While we can survey and analyze the current state of the American Dream as well as look back and chart what has become of it over the years, we can only wait and see how current and future generations will come to define it.  Will it continue to look like the American Promise that Obama described last Tuesday?  Or will Gen Y and the Post Millennial Generation take the American Dream in a different direction?  Only time will tell but given the way that Gen Y is already dramatically reshaping the reality of American life I would guess that in another five years we will hear a markedly different version of the American Dream being described during the 2017 State of the Union.

3 comments

  1. I teach a course in Music and the American Dream in a Liberal Arts university. It is interesting to study the dream through music since music is a form or rhetoric and it comes from We the People. The description changes through the times but the questions we explore most are, why do Americans have this American Dream? Is the dream a reality today? and are the premises of the American Dream, global aspirations of most of mankind?
    My own interpretation about the American Dream is that it keeps us in constant expectation of the future and that we need get beyond the dream because the future is made in the present. Having expectations always lead to suffering, instead we could cultivate awareness of what we have in the present and live mindfully to work with reality. In the end we need to wake up because it’s only a dream, a definition with no end in sight.

  2. admin says:

    Thank you for your comment Patricia. I love the questions that you pose in your comment. I agree with you wholeheartedly that in large part the American Dream is an evolving concept, or as you say, “a definition with no end in sight.”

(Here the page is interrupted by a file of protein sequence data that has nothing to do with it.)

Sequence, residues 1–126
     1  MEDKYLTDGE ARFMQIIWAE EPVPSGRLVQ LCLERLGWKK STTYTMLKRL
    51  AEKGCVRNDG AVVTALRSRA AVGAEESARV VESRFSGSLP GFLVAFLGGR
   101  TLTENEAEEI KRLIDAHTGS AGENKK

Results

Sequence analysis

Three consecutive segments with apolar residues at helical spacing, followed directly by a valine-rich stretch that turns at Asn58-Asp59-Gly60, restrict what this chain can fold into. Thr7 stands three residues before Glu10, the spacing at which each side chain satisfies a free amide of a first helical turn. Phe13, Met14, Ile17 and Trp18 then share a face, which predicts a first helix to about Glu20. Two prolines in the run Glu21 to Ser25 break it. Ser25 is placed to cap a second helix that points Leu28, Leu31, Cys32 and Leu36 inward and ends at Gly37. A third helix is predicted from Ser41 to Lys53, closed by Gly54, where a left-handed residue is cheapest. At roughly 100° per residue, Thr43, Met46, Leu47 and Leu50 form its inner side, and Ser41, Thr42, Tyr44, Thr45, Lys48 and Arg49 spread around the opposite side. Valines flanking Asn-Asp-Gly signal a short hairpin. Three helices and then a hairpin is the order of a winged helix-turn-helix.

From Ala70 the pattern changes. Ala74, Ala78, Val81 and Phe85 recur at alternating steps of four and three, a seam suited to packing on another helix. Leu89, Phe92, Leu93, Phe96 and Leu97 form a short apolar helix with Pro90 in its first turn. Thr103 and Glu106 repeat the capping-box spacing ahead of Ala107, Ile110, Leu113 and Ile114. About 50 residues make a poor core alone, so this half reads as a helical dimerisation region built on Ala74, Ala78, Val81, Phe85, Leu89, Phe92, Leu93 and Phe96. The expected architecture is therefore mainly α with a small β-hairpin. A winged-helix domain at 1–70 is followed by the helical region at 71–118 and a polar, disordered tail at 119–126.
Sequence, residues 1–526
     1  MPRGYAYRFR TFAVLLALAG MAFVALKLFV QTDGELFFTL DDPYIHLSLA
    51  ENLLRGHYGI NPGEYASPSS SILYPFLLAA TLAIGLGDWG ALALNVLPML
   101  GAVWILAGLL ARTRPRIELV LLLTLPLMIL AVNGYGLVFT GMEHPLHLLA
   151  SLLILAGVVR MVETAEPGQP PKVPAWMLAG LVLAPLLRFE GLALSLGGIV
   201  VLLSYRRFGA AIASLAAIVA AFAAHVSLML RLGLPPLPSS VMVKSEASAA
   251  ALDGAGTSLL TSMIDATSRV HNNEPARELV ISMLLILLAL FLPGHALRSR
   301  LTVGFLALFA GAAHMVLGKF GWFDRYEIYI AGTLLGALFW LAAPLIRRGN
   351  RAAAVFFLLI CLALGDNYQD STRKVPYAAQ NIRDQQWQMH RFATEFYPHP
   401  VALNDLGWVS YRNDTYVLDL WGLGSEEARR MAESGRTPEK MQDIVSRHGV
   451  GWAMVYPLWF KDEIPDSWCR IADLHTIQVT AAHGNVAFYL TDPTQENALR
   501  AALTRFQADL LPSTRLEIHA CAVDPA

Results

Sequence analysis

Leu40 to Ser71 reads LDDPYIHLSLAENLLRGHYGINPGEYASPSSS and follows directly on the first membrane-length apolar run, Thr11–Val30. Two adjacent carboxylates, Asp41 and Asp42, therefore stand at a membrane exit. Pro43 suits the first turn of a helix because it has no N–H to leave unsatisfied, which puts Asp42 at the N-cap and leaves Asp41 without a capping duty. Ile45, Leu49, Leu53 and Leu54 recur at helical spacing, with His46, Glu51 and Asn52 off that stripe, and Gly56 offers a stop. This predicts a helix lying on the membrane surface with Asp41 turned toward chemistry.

Keep coming back!

  3. Thanks for the feedback. Today the students read the chapter on God from Andrew Delbanco’s book The Real American Dream: A mediation on Hope. It is interesting to see that the Puritans road to salvation was to be able to distinguish between true grace and false grace. True grace culminated in the recognition that without connectedness to others, the self was lost.
    In Delbanco’s words: “the radical helplessness disclosed in self-love can be transcended by loving God, and that love of God is manifest in love of other persons”.
    As we discussed issues of Freedom in class, most students thought of the right to “do what you want”….a very selfish way of living…..no mention of responsibility or how your desires might affect others.

    In the end I see a generation eager to find new ways of looking at GOD which to me is Mystery. When we enter the mysterious we are participating in developing awareness of “the other” an if we truly engage in participation with the “other’ whether it be a person, a subject, learning a musical instrument or a sport, we are in a way transformed or sculpted by that experience. In the end the road to salvation is always through the dark terrain of self-knowledge.